CCS, SCVAL look to salvage sports seasons

Malia Wanderer, Sports Editor

This map of county tier status is the most recent of the weekly updates released by the California Interscholastic Federation. The earliest date competition can begin is Jan. 25, as outlined by the California Department of Public Health, for counties not under the state’s regional Stay-at-Home Order. According to Central Coast Section Commissioner David Grissom, despite the release of updated guidance from the state, high-contact sports’ seasons may be in jeopardy due to the surge in COVID-19 cases. “The reality is, every sport is tied to a tier color, and at some point, [it] has to get to the color in order for them to compete,” Grissom said. “I fear that if we can’t get to a certain tier by a certain time, then there is a potential to lose seasons.” Photo: California Interscholastic Federation
After sports competitions were halted for nine months and the future of high school athletics became grim, recent announcements from regional sports authorities have paved a tenuous path forward, giving athletes a better sense of whether and when they’ll be able to compete.

According to the new state guidelines designed to keep student-athletes safe during the COVID-19 pandemic, low-contact outdoor sports, such as cross country, can compete while a county is in the Purple Tier. Moderate-contact outdoor sports, including baseball, are allowed in the Red Tier, and outdoor high-contact sports and indoor low-contact sports, such as soccer and volleyball, are allowed once a county reaches the Orange Tier. Finally, competition in indoor medium- and high-contact sports — basketball, wrestling, and competitive cheer — isn’t allowed until a county is in Yellow Tier. 

In response to the state’s announcement, the California Interscholastic Federation — which governs high school sports in California — released a proposed plan for the return of education-based athletics, detailing rules and precautions. The plan allows for teams to practice — with social distancing and other precautions — regardless of county tier status, and for counties out of the Stay-at-Home Order, competition can begin on Jan. 25 in accordance with the tier restrictions.

The original statewide schedule released by the CIF consisted of two “winter/spring” seasons, with fall sports in Season One and winter and spring sports in Season Two. Individual sectional leagues in California are allowed to come out with their own schedules, which the Central Coast Section considered, according to Commissioner David Grissom. However, Grissom said that CCS decided to keep the same two-season schedule in a recent committee meeting but removed language in the rules that prevented out-of-season sports from practicing.

“We kept seasons of sport where they are, but a league could choose to have their own schedule,” Grissom told The Paly Voice. “One of the changes we did make to the calendar, we removed the practice start date and actually had sports regardless of season start on Saturday [Jan. 16]. The reason that we removed that was that the executive committee had a concern of student safety and student wellness.”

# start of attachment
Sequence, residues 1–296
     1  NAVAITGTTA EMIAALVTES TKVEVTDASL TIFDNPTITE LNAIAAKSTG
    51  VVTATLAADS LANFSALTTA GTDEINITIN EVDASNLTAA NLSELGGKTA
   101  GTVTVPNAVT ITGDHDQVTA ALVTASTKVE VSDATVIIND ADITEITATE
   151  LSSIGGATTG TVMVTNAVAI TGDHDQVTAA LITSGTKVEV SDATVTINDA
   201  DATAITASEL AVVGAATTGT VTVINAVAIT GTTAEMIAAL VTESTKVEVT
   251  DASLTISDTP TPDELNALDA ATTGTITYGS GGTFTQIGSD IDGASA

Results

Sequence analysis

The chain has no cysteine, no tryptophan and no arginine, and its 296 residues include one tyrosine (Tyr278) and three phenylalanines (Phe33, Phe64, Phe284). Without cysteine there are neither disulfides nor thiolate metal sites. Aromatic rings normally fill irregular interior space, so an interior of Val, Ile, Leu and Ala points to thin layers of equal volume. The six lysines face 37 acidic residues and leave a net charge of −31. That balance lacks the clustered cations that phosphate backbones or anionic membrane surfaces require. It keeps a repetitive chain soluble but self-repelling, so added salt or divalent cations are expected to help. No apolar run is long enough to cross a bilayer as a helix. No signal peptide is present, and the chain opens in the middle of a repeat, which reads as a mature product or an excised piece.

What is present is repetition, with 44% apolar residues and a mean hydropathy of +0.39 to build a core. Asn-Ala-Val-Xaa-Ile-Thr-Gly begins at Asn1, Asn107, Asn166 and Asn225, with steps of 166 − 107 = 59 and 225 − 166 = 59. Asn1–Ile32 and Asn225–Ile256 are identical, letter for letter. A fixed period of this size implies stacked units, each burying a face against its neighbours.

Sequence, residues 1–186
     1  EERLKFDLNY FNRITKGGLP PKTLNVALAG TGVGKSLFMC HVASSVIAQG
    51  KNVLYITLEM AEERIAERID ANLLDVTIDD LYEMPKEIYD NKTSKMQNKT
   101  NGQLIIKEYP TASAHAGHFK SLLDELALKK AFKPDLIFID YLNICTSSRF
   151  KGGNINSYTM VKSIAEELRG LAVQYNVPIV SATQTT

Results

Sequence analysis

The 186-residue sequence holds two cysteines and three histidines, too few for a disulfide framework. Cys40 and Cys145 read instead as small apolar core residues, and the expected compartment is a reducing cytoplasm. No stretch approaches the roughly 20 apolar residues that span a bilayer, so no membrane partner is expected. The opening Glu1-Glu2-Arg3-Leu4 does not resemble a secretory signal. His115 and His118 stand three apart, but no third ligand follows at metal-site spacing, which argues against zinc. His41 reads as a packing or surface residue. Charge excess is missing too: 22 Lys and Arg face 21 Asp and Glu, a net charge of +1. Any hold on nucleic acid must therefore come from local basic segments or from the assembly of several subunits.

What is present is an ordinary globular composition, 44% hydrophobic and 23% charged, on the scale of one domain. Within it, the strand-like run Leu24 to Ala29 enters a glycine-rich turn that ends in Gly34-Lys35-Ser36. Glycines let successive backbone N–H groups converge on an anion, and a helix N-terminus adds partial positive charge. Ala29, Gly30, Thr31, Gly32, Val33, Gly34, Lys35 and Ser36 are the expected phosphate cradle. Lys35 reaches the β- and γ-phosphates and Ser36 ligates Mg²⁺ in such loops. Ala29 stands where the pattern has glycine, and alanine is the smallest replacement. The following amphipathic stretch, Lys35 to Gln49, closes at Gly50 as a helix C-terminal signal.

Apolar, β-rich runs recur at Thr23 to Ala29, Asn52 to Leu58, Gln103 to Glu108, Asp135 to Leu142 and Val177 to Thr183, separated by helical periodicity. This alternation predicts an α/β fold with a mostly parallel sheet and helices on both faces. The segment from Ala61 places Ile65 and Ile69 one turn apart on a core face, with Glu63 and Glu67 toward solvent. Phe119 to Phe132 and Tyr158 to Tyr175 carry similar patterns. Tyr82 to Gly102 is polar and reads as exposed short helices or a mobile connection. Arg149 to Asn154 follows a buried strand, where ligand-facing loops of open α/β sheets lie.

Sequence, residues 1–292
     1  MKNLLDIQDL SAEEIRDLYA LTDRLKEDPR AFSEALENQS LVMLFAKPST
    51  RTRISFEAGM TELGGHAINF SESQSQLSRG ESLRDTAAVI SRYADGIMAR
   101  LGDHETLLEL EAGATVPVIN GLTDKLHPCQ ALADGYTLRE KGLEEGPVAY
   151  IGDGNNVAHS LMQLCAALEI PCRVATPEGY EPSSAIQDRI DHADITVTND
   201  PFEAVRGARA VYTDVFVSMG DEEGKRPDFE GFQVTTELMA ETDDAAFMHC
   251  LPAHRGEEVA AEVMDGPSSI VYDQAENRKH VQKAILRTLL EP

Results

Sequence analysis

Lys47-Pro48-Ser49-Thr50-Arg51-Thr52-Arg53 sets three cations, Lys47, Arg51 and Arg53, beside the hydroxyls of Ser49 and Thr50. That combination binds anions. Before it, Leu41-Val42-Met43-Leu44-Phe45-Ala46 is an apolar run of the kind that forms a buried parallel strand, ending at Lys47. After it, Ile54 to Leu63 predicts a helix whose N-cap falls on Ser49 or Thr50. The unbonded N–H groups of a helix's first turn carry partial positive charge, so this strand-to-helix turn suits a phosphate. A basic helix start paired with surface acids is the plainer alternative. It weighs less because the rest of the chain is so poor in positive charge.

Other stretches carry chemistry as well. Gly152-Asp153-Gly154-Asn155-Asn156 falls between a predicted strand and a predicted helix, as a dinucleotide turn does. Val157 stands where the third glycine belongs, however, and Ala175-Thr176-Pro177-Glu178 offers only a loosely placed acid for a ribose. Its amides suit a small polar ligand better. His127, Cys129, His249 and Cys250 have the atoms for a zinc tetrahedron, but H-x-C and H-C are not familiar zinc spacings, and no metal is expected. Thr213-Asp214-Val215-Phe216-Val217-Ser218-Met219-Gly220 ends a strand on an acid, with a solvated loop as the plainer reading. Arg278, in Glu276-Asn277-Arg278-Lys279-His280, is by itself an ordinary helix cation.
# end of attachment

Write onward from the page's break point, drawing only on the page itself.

Grissom said that CCS also decided to cancel all section playoffs for all Season One sports, giving more time for teams to compete within their own leagues.

“The way the guidelines currently read, we couldn’t have had section playoffs anyway — you can only travel to an adjacent county,” Grissom said. “So we were able to create an end date that’s further out, and that will give an additional two to four weeks to all the sports to finish their seasons.”

To meet the requirements set forth by the CDPH and maximize opportunities for athletic competition, the Santa Clara Valley Athletic League ratified a modified schedule on Thursday. The schedule consists of three truncated seasons with sports arranged by tier level, each of which has a cancellation date in the case that tier requirements are not met. Due to the SCVAL adopting a different schedule than the CCS and CIF, athletes will not be eligible to participate in any sectional or state playoffs.

According to Palo Alto High School Athletic Director Nelson Gifford, the goal of the modified schedule is to allow athletes to participate in a wider variety of sports. 

“There [was] a growing consensus that shifting the schedules around [needed] to happen,” Gifford said on Jan. 12. “The goal is to move those [high-contact sports] later so that it gives us time to see what changes to the county health order happen, and hopefully COVID-19 cases go down.” 

While the future of high school sports remains uncertain, Gifford said that the SCVAL board is focused on making the most of the opportunities allowed by the guidelines set forth by the CDPH. 

“So much of this is up in the air right now, and it’s challenging for everybody to find a way to get back,” Gifford said. “There’s people who are working every single day to try to rescue this season and give something to the students.”